I don’t know if falling in love is more challenging today than it was before. But it can’t be easy with the constant allure, cover, and distraction of smartphones.
Case in point: I saw a guy macking on a girl recently—or at least trying to. He was obviously interested; his attention undivided. She was preoccupied with her phone, however. She occasionally rejoined his advances with peppered smiles and words, but she mostly focused her attention on the tarot card-sized device she cradled in hand and poked at with thumbs.
From a distance, I couldn’t tell if she was coping with embarrassment behind her phone, considering a counter-flirt, or not at all interested. If I had to guess, I’d bet on the latter because newly crushing or in love couples usually stay fixated on each other’s eyes. Of course, interested males are horrible at deciphering this universal truth — always have been, always will, with or without smartphones. But I know first-hand how complicating phones can be to loving relationships.
When I fell in love with my wife at the turn of the century, I had just purchased my first cell phone. It was only good for placing and receiving calls. Text messages existed, but I didn’t know anyone that used them, because they costed 50¢ each or defaulted to off depending on the carrier. As such, our pocket phones didn’t interfere with our ability to connect. Extended voice calls actually enhanced it.
That all changed several years later when I got my first Blackberry. Texting still wasn’t the go-to way to communicate, but email was for work purposes. And since I was a workaholic at the time, I “cheated” on my wife a lot with my phone. It quickly became an elephantine distraction to our relationship, as I documented last year:
These distractions understandably drove my wife crazy because I was, in essence, having an affair with my phone. White lies were told when asked, “Blake, what were you doing?” Often times I’d leave the room – or wherever it was we were vacationing – for “a quickie” to avoid sideways glances that accurately accused me of being elsewhere in thought, priority, and identity.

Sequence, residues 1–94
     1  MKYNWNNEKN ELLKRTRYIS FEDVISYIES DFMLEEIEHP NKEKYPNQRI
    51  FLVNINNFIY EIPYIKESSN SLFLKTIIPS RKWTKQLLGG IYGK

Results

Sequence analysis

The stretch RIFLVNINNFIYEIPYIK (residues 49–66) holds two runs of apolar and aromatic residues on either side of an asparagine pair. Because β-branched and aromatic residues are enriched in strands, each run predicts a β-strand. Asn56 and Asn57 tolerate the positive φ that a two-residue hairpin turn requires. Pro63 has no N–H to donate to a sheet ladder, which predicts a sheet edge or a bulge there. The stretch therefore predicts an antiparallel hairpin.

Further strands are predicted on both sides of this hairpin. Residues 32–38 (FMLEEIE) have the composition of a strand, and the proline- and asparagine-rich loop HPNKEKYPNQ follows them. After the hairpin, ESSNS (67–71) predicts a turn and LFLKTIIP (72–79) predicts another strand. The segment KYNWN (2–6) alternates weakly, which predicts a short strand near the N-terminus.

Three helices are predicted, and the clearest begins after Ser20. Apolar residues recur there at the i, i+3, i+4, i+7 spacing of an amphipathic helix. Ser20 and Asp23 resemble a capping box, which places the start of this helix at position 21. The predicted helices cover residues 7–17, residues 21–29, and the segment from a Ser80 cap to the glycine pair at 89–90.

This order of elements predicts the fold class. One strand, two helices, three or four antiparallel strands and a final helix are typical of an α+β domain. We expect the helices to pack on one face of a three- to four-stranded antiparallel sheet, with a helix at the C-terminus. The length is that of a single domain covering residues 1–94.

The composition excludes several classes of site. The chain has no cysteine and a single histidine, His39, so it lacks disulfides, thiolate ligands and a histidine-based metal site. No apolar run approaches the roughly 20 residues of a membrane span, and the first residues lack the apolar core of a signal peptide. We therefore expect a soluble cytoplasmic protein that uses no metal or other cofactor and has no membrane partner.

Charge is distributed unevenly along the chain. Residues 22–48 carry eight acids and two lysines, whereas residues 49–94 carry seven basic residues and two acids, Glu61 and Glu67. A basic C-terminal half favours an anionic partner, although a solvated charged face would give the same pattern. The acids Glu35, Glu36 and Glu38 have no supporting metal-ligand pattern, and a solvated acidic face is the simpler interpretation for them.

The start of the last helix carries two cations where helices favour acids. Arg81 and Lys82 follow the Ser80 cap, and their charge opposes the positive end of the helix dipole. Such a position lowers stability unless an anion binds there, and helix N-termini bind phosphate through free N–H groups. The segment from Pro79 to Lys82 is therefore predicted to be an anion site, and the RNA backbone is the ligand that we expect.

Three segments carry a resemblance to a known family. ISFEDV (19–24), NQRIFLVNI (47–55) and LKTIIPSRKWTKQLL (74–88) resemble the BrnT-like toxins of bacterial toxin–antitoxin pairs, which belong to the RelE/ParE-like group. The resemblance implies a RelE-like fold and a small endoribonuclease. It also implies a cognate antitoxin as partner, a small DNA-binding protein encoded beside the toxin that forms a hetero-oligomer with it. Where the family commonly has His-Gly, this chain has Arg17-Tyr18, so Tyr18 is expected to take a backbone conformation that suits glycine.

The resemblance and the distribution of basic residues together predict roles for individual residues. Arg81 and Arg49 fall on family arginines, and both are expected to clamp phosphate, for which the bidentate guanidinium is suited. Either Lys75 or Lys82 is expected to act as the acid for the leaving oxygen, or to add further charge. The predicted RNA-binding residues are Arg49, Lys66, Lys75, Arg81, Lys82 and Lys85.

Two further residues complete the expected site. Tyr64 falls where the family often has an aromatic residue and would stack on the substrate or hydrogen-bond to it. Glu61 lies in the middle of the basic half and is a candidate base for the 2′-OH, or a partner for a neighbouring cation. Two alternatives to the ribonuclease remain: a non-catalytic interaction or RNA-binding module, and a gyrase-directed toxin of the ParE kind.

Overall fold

I did this for a couple of years until it finally drove me crazy. I had formed a love/hate disorder with my phone. I liked it for the conveniences it did then (and now), but I knew I was unable to have a personal life while leashed to a phone. So I began purposefully leaving it behind on nights and weekends.
From there, I made the best gadget policy I’ve ever adopted: I turned off all alerts, visual notifications, and vibrations with exception to voice calls. Not only did this help my love life, it saved my sanity and enhanced my work life. To this day, I still turn off all iPhone alerts.
Nevertheless, these darn little apps are as addicting as ever, even with alerts turned off, after quitting Facebook, and while neglecting Twitter. If my phone’s within reach, they always beckon. “Click me,” they say. “I’ve got news for you. Never miss a thing. Don’t live in the moment. See what’s happening elsewhere.”
They’re so good at what they do, even my disciplined wife now struggles to find balance. And she’s not even on Instagram or the latest social media fad. (I can only imagine how strong the allure is with that stuff in your life.)
Despite strict limits, the smartphones in my marriage still interfere with quality time and distract us from doing things we truly enjoy that require more focus, greater attention, or more work. Now, I’m not blaming these devices. When used properly, I believe they complement life. But their power is easily abused by us.
Still, life goes on. Love still happens. I’m sure pre-phone courtship had its own frustrating challenges. But if I may paraphrase Jimmy Durante, this is what I’d say to budding romances:
“Young lovers, whoever you are, I hope your troubles are few. You gotta be brave young lovers and follow your star. Politely ask each other to put down your phones and abandon au revoirs. Cling very close to each other tonight. I’ve been in love like you.”
Are you listening to me?